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March 26, 2020

Digital Technologies are Keeping Health Professionals Current

Public health authorities and local governments ask us to socially distance ourselves from each other; that’s critically important to fight COVID-19. While we are physically apart, technologies that we have possessed for many years are now being used to their fullest potential, making it possible for us to be together, personally and virtually, even when we’re not under the same roof.

The global health crisis is also causing a re-examination of many aspects of business structure. A shift in marketing resources has been going on for quite some time, and while a pandemic isn’t the reason anyone wanted to expedite it, it is nonetheless a catalyst for many to take a new stance. In the long run, companies that can adapt to a new environment will be better positioned for the future.

Life science and pharmaceutical companies have long grappled with change when it comes to the organization and size of their field teams. They equipped their frontline ambassadors with laptops and iPads. They developed digital selling tools to underscore “mechanism of action,” yet have moved slowly to embrace digital sales calls. Perhaps they were waiting for someone else to go first or took the mindset of “if it ain’t broke, don’t fix it.” Now, the need to change is going to have a lasting impact on how they build relationships.

For years, the life science industry has tried to measure and assess true return on investment in large field forces. As more and more provider institutions blocked industry field representatives from crossing their thresholds, company innovators sought alternative paths to bring healthcare professionals up-to-speed on the proper, effective use of medical devices and therapies. Likewise, for physicians seeking information on products they planned to use with their patients, the waiting room where their field representative was once sitting has now disappeared.

On the heels of “shelter in place” orders, response to COVID-19 is accelerating technology adoption and application even as it keeps people socially distant. Our communal commitment to “flatten the curve” of new coronavirus cases is resulting in field representatives leaving their cars parked in the garage and firing up their laptops to connect with their customer instead. Providers’ urgent need to receive vital health information and technology is enabling the next challenge: the virtual physician-field force interaction.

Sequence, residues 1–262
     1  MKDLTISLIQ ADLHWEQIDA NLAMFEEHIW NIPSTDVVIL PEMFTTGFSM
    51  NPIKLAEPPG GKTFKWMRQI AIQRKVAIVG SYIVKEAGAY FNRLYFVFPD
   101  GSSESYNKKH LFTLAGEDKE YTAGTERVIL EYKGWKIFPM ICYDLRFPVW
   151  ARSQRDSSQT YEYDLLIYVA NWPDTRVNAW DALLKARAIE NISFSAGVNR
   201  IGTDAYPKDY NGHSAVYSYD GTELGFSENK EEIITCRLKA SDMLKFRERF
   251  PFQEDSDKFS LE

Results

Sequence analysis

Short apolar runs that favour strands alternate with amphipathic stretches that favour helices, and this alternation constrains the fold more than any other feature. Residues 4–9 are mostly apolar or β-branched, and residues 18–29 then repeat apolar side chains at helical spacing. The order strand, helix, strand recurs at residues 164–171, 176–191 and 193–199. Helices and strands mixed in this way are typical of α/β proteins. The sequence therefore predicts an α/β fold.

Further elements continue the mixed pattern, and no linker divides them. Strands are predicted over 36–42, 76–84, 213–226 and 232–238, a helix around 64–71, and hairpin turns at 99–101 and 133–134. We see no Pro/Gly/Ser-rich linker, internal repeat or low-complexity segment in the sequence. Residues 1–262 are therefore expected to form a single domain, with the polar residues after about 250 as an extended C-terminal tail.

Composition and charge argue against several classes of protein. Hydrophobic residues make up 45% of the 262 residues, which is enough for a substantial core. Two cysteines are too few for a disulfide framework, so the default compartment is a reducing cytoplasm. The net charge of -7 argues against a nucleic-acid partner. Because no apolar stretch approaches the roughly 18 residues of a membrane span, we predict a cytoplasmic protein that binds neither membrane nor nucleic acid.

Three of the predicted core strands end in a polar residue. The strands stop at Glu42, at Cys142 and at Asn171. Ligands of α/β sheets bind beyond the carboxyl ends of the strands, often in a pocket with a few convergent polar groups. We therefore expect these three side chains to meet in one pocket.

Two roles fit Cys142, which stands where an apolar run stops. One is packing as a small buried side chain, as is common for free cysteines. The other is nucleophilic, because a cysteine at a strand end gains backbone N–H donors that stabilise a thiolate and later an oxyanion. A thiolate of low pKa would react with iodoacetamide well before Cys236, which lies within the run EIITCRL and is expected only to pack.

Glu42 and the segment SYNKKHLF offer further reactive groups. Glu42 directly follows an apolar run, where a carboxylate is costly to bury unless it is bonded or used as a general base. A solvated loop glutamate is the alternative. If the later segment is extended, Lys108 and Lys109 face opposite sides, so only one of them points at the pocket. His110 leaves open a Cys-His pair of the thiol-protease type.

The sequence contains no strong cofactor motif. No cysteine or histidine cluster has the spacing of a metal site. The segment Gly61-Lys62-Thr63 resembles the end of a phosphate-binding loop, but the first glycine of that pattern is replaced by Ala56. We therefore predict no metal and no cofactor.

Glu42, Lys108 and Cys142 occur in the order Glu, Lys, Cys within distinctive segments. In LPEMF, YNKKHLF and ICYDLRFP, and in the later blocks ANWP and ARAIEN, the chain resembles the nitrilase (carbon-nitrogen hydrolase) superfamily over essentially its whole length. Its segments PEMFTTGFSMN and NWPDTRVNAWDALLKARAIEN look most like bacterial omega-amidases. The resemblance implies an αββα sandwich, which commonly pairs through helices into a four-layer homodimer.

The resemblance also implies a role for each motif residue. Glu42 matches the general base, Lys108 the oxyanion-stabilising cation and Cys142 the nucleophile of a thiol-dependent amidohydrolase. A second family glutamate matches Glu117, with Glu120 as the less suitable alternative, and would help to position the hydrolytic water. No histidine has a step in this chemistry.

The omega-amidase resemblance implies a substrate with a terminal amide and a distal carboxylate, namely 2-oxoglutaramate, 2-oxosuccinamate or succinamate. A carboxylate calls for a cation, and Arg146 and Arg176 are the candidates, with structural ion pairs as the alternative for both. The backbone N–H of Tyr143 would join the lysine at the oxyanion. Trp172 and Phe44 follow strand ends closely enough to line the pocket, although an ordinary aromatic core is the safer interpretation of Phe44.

In the COVID-19 environment, biopharma, life sciences and other health disciplines are moving to personal, digital selling. It’s essential that this shift continues; people with health issues unrelated to COVID-19 still have urgent needs. If you face risk of stroke, have an infection that requires surgery or unhealed wounds that could result in amputation, those are not elective procedures.

Doctors rely on medical sales representatives, who are trained for their roles and often are medical professionals ranging from nurse practitioners to research assistants to pharmacists, for much more than delivering samples. Most health professionals seek opinions from their highly trained visitors, who also serve as conduits to breaking medical data, as well as a source of expertise on the therapies, medicines, devices and other technologies that they represent. In our current reality, these technology-driven collaborations have become a way to do more than conduct and optimize business: they are a way to help sustain life.

With this in mind, digital technology doesn’t just enable remote selling; it allows ideas that people have collaborated on in the service of health to be shared. As companies embrace this change, they are looking for ideas about best practice in a remote environment. Here are some tips to consider: